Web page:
Trial nears final phase

The House Republican prosecutors and White House lawyersturned the impeachment trial over to the Senate jury yesterday, afterprosecutors implored senators to rise above their political interests, ignoreWhite House "spin" and remove President Clinton from office.

But Charles F. C. Ruff, the White House counsel, warned that a convictionof the president would rip a hole in the constitutional fabric that hasclothed American society and will clothe future generations for "millennia tocome."

"We cannot leave even the smallest flaw in that fabric," Ruff said, "for ifwe do, one day someone will come along and pull a thread, and the flaw willgrow and soon the entire cloth will begin to unravel."

After 5 1/2 hours of often repetitive closing arguments from theprosecutors and the White House, senators were left to deliberate the fate ofthe president, with the only real suspense being how far the prosecutors willfall short in seeking 67 votes for conviction on either of two articles ofimpeachment.

Rep. Henry J. Hyde, the lead House prosecutor, dashed off a letter toSenate leaders, asking them to call three more witnesses to testify to whetherSidney Blumenthal, a senior White House aide, lied under oath last week. Inhis testimony to the prosecutors, Blumenthal denied giving journalists detailsfrom conversations he had had with Clinton after the Monica Lewinsky storybroke. But two journalists have submitted sworn affidavits that Blumenthaltold them Lewinsky was a "stalker," a term Clinton had used in those privateconversations.

Senators are showing little appetite for prolonging the trial "another twominutes," as a Republican leadership aide put it. Even a bipartisan effort tocensure Clinton after his expected acquittal appears to be faltering in theface of conservative Republican opposition and a rush toward closure thisweek.

The Senate will vote today on whether its final deliberations should beheld in public. It appears unlikely that a motion to change the Senate rulesto open up the deliberations will garner the necessary 67 votes for passage. Afinal vote to convict or acquit Clinton, for perjury and obstruction ofjustice arising from the Lewinsky scandal, will come by Friday, and perhaps asearly as Thursday.

"We are blessedly coming to the end of this melancholy procedure," Hyde, ofIllinois, acknowledged as he began the last of 13 closing statements deliveredby each member of the prosecution team.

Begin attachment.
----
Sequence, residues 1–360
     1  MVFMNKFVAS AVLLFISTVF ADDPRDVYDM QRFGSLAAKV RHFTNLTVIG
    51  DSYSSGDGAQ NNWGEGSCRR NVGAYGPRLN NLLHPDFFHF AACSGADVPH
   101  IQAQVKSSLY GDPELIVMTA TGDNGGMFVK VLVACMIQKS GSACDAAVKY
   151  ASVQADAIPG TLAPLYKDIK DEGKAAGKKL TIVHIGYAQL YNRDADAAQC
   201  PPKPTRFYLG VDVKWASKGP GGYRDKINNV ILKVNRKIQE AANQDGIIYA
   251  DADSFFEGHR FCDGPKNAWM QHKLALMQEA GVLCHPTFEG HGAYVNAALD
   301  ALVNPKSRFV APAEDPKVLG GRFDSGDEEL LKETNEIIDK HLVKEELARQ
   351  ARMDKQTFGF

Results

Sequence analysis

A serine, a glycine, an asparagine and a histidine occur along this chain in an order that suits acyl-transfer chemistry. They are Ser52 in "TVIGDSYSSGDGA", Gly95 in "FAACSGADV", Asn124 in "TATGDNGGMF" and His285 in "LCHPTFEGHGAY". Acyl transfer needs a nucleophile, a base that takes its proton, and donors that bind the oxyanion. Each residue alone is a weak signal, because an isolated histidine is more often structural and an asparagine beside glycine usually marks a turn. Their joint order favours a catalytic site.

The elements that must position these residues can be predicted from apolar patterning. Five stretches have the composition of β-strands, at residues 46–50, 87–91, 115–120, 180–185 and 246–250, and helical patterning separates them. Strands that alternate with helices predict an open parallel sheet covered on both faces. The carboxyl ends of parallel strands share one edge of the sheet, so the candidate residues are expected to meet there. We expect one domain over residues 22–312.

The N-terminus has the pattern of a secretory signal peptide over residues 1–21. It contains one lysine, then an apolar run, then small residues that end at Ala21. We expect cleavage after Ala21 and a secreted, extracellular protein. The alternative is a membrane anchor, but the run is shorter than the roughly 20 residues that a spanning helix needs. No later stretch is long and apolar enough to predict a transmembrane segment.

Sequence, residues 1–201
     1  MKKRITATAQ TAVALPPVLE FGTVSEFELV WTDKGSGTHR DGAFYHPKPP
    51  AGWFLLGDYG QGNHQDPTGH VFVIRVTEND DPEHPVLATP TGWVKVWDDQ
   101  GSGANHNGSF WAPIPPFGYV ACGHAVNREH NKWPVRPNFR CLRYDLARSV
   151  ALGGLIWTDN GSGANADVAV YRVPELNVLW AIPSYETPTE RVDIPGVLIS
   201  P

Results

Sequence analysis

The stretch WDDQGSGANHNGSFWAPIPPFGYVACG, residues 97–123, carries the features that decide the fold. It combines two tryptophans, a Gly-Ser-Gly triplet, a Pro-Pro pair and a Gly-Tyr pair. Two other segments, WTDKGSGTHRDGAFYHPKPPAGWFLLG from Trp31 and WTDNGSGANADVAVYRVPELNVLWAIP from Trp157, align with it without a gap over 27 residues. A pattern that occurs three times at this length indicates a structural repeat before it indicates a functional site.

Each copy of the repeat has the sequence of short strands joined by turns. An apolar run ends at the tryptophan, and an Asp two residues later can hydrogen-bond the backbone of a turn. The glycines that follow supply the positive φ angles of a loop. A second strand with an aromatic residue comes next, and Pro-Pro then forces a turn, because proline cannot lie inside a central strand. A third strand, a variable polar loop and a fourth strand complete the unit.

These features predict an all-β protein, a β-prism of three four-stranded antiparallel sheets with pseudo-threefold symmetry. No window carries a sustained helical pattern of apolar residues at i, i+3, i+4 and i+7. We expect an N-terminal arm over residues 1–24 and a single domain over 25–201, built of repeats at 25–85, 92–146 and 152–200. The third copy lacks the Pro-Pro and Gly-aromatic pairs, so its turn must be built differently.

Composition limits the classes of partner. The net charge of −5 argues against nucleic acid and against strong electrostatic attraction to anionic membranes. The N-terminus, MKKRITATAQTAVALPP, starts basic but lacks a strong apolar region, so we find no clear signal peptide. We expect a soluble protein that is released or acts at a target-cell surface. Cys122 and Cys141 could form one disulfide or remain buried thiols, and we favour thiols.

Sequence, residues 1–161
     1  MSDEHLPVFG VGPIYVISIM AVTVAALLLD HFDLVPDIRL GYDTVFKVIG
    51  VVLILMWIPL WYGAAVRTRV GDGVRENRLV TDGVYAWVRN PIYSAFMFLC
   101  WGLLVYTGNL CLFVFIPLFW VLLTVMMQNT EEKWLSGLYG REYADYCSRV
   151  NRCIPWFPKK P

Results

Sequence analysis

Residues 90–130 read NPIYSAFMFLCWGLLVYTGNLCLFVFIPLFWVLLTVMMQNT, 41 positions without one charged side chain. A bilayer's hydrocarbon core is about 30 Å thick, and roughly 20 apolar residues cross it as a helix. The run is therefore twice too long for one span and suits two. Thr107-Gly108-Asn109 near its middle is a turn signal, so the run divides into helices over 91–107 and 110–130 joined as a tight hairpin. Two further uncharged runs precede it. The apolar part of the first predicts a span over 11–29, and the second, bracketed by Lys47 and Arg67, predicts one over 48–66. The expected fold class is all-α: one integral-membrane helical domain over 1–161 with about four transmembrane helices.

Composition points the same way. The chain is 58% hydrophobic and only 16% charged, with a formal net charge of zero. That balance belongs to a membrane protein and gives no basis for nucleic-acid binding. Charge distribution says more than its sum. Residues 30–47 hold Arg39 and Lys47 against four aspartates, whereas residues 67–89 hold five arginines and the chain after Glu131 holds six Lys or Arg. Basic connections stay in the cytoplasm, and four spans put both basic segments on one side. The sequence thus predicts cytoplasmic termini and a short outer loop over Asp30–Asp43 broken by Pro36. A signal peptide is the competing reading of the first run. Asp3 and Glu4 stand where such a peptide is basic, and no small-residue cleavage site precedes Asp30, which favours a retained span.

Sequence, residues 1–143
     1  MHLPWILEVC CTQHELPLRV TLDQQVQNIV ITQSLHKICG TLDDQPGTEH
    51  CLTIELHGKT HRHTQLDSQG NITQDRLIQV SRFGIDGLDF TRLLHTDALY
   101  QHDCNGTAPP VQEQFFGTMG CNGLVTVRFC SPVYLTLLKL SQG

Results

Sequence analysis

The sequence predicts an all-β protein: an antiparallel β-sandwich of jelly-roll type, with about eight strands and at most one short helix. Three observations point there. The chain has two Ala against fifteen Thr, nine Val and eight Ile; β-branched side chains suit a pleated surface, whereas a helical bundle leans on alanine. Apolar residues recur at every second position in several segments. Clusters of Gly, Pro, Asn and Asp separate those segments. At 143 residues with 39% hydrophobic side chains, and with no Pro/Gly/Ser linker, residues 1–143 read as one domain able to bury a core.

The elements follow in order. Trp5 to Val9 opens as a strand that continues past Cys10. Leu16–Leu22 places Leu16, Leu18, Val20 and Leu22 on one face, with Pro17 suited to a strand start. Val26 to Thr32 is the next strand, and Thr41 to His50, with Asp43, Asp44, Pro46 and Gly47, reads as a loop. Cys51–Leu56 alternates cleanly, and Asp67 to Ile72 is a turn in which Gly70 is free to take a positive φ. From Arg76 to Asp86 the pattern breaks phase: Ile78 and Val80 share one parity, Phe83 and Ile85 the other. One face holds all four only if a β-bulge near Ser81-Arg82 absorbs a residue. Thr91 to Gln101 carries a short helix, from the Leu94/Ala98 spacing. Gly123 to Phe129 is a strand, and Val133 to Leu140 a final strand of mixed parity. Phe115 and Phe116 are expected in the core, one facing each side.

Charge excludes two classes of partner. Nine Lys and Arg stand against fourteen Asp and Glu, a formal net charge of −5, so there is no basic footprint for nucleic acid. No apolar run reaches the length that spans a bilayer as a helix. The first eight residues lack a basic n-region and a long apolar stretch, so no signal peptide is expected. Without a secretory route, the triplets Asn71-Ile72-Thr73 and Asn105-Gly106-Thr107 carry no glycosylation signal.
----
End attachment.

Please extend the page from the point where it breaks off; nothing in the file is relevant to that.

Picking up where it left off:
The prosecutors concluded yesterday with pleas that were at timespassionate, at times weary, at times bordering on self-pity and at timesseething with frustration and anger. Hyde called the impeachment saga a battlein the nation's "culture war." Another prosecutor, Rep. Lindsey Graham ofSouth Carolina, his voice dripping with indignation, spoke of a nation in"hopeless decline." Another, Rep. Chris Cannon of Utah, said it appeared tohim "the fix was in."

"I wonder if after this culture war is over that we're engaged in, if anAmerica will survive that's worth fighting to defend," Hyde said. "Peoplewon't risk their lives for the U.N. or over the Dow Jones averages. But Iwonder in future generations whether there'll be enough vitality left in duty,honor and country to excite our children and grandchildren to defend America."

The prosecutors recognize that they cannot produce the two-thirds Senatemajority needed to remove a president for the first time. They have loweredtheir sights on obtaining a 51-vote majority, the threshold that Hyde saidwould legitimize the House's vote in December to impeach Clinton. ManyRepublicans acknowledge that that simple majority could be in jeopardy, thoughSenate Republicans hold a 55-45 edge over Democrats.

Since last week, Republican senators have openly raised the prospect of atleast a half-dozen Republicans joining all 45 Democrats to vote against aconviction for perjury. Yesterday, some began questioning whether theobstruction of justice charge, which had been considered stronger, can garnera simple majority of senators, either.

The obstruction of justice charge "is like this garbage can that picks upso much of the garbage in this case," said Republican Sen. Gordon Smith ofOregon, who had formerly indicated he would probably vote for the obstructioncharge.

While a parade of House prosecutors used nearly all their allotted threehours, just one of the president's lawyers, Ruff, spoke yesterday. Consumingjust over half his given time, the White House counsel coolly and methodicallydisputed each of the charges, which he dismissed as "moving targets and emptypots."